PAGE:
It s hard to find products made in the US anymore and harder still to find products built with the ethics and quality that existed 30 plus yrs ago.

- Ghidrah


NAFTA is Can., US, & Mex. does it have provisions that affect other trade deals? If it does it is misnamed.

-- I always suspected many gun nuts were afraid of something, just never thought popcorn was on the list.

View Woodbum's profile

Woodbum

798 posts in 2881 days


#12 posted 04-23-2015 07:59 PM

Rob is right. The North America Free Trade Agreement probably has little to do with all of the Chinese trash foisted off on us. But then again we have sold them stuff that the FDA won’t let companies sell here in the US. As long as the American consumer clamors for cheap stuff and continues to buy it, American companies can’t compete with the substandard, poorly manufactured from cheap materials by unbelievably low paid workers (by American standards) stuff that China churns out. If we want better, American made goods; we must be willing to pony up for them.

-- "Now I'm just another old guy wearing funny clothes"

View DrDirt's profile

DrDirt

4399 posts in 3558 days


#13 posted 04-23-2015 08:38 PM

I have found a lot of delamination in the thinner ply.

I have some 1/4 inch oak ply for drawer bottoms bought from menards. The glue is a red/fuschia color. I find 1 inch wide offcuts, will delaminate for 2-3 inches when I would flex these.
I haven’t had the issue with 3/4 or 1/2 inch stuff, but it doesn’t flex much either.

-- “The two most important days in your life are the day you are born and the day you find out why.” Mark Twain

View Ghidrah's profile

Ghidrah

667 posts in 1038 days


#14 posted 04-23-2015 10:26 PM

Do you hear that giant sucking sound?

Ring a bell?

NAFTA was the impetuous of the great rush. I’m sure there’s a bunch of members here that were lucid in the late 80s and early 90s. If so, I’d bet dimes to dollars they may also remember Ross Perot, he was an also ran for president. Perot was an industrialist and a bloody rich individual, a Texan and ran as an independent in 92, (oxymoron or what?). Many thought he was loony, because he was against NAFTA; many thought Alvin Toffler was a nut job too. But both seem to have made predictions that hold up to time.

[Quote]
In the second 1992 Presidential Debate, Ross Perot argued:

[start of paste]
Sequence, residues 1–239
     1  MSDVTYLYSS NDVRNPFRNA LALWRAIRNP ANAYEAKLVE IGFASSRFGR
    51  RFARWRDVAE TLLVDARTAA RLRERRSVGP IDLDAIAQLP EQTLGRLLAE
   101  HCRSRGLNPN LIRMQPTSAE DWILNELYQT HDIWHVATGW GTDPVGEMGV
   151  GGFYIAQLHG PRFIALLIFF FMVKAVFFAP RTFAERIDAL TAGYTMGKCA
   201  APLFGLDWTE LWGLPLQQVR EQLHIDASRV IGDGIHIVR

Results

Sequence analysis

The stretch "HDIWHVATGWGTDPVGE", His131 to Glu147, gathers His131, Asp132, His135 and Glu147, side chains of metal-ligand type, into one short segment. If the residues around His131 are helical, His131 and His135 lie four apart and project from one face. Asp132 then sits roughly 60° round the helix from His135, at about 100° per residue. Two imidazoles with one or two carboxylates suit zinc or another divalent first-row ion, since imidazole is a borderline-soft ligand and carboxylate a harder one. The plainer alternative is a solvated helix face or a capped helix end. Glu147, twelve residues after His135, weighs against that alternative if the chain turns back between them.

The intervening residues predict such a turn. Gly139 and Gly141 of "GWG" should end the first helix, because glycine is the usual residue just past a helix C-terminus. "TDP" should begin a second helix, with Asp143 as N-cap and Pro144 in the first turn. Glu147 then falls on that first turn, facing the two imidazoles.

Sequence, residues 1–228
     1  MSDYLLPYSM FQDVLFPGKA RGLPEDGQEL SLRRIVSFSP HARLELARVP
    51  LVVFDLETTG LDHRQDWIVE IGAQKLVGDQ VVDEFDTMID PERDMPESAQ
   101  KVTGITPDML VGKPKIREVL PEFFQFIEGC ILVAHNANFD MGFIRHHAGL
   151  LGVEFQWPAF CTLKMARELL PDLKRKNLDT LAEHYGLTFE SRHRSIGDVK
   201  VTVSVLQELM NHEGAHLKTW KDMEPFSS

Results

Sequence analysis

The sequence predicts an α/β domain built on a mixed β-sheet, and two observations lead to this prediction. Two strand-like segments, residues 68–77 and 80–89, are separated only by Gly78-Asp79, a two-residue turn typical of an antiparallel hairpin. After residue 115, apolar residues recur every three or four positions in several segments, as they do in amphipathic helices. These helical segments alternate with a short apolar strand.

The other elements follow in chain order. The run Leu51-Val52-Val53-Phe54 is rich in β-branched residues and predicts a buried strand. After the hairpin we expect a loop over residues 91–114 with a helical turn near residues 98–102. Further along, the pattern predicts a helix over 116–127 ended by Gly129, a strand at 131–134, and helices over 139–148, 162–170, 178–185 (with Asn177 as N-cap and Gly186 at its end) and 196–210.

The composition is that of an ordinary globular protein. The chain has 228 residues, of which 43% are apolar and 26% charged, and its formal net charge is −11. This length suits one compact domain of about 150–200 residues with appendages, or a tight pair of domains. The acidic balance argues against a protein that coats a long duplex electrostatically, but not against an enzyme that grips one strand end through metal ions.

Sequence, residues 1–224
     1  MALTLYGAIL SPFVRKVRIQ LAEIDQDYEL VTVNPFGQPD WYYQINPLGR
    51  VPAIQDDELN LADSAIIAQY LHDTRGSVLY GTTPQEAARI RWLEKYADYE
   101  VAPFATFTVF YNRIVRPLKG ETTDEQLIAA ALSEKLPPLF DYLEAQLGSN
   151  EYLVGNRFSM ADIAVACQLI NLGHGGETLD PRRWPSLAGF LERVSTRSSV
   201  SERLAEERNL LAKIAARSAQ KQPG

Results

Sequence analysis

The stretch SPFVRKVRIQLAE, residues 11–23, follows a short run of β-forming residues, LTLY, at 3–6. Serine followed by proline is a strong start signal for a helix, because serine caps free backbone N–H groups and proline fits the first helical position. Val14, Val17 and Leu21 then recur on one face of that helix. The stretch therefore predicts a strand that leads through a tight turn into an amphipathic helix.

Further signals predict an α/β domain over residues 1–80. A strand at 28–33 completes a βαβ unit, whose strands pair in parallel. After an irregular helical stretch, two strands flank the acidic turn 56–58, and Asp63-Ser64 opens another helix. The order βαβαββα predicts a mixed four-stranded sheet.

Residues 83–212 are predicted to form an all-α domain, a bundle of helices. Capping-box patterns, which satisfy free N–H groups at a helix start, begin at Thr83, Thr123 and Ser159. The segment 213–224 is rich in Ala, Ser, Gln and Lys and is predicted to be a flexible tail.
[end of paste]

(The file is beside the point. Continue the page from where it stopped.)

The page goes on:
We have got to stop sending jobs overseas. It’s pretty simple: If you’re paying $12, $13, $14 an hour for factory workers and you can move your factory South of the border, pay a dollar an hour for labor,...have no health care—that’s the most expensive single element in making a car— have no environmental controls, no pollution controls and no retirement, and you don’t care about anything but making money, there will be a giant sucking sound going south. ...when [Mexico’s] jobs come up from a dollar an hour to six dollars an hour, and ours go down to six dollars an hour, and then it’s leveled again. But in the meantime, you’ve wrecked the country with these kinds of deals.[Quote]

If you want to drive yourself mental begin searching for info on what loopholes US tax laws have that complicate the issue. It’s simpler and so much cheaper to move aspects of operations to foreign countries then take huge tax breaks because creative math provides data saying the Co owes much less to the US than it does. Then complain that the US is giving foreign corps better deals/breaks than themselves.
It is a vicious circle. When the government is run by the people tied to the corps helping write the laws who wins?

-- I meant to do that!

View bruc101's profile

bruc101

1197 posts in 3358 days


#15 posted 04-24-2015 12:16 AM

Stay away from China ply.

-- Bruce Free Plans http://plans.sawmillvalley.org

View bigblockyeti's profile

bigblockyeti

4659 posts in 1536 days


#16 posted 04-24-2015 12:37 AM

I know it’s cheaper, so it must be bad stuff. I just assumed is formaldehyde, asbestos and ground up prisoners. It definitely smells bad for you!

View JAAune's profile

JAAune

1768 posts in 2132 days


#17 posted 04-24-2015 12:54 AM

The Chinese plywood is a pain to work with in my experience. More prone to delamination and more likely to warp. The one and only batch we ordered had more waste material and required more work checking for defects.

We only use Canadian and domestic plywood now.

-- See my work at http://remmertstudios.com and http://altaredesign.com

View splatman's profile

splatman

586 posts in 1215 days


#18 posted 04-24-2015 03:01 AM



I know it s cheaper, so it must be bad stuff. I just assumed is formaldehyde, asbestos and ground up prisoners. It definitely smells bad for you!

- bigblockyeti


I wood not doubt that one bit.

View Gentile's profile

Gentile

286 posts in 1634 days


#19 posted 04-24-2015 03:16 AM

After watching the 60 Minutes expose on Lumber Liquidators I wonder what’s in that stuff…

-- "I cut it twice and it's still too short"

View rwe2156's profile

rwe2156

2690 posts in 1296 days


#20 posted 04-24-2015 10:48 AM

I haven’t seen the delamination problem, but when I said something about Chinese to my supplier that’s the first question he asked. If you’re talking about chipping, yes I see that even with an 80 tooth DS melamine blade!!

The problem is still the same: $30/sheet more for domestic.

Guess it boils down to ‘good China’ and ‘cheap China’ kinda like HF and North Tool.

I’m gonna use domestic whenever I can.

-- Everything is a prototype thats why its one of a kind!!

View Tennessee's profile

Tennessee

2551 posts in 2330 days


#21 posted 04-24-2015 11:18 AM

When I worked in the furniture industry, and went to China for them, we used the stuff all the time. And it does have much higher levels of formaldehyde in it than you would imagine. Over there, making furniture, they cut it on bandsaws for the most part. Here, we use high speed CNC machines.

Ironically, the company I worked for, (I won’t name them), would not allow the stuff to be used in their American factories. We used Georgia Pacific. The Chinese factory, on the other hand, we had two choices – Chinese or Russian….and the Russian stuff made the workers noses bleed, so we used the lesser of two evils, Chinese.

Cost before quality – it’s ironic that Americans clamor for American jobs, but they STILL want that $50 microwave to be on the shelf at Walmart. Can’t have it both ways.

-- Tsunami Guitars and Custom Woodworking, Cleveland, TN